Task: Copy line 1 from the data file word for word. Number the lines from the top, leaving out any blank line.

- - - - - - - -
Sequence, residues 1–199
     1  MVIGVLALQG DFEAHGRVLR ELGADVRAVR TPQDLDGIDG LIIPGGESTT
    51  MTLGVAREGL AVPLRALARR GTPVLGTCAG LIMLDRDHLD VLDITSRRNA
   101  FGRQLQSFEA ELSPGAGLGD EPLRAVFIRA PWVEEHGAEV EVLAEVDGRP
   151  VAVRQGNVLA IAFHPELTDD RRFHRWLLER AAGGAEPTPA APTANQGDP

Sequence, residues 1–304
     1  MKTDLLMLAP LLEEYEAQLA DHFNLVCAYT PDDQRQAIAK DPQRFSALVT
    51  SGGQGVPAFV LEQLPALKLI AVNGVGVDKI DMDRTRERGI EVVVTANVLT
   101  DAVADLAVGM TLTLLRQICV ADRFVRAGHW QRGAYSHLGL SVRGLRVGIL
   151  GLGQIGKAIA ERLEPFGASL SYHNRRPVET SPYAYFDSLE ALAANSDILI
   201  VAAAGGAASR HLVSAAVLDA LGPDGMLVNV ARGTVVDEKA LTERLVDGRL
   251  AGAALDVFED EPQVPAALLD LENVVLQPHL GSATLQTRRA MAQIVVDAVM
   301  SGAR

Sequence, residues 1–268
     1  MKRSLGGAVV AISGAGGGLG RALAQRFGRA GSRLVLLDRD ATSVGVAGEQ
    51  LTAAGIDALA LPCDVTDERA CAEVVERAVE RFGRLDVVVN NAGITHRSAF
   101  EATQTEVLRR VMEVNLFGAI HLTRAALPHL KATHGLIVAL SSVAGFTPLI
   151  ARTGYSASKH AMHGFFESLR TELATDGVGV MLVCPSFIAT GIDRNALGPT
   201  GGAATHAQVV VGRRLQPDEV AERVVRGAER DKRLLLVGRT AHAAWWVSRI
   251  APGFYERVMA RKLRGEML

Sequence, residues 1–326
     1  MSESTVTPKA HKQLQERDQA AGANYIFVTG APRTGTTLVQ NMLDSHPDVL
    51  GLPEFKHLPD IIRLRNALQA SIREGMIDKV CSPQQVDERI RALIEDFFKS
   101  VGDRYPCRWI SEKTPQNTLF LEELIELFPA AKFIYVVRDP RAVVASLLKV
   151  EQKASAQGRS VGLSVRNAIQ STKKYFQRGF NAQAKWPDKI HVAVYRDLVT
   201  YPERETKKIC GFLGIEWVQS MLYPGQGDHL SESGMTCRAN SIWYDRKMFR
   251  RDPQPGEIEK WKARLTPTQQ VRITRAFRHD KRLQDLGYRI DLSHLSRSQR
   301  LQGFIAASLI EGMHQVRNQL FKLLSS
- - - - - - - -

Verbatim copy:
Sequence, residues 1–199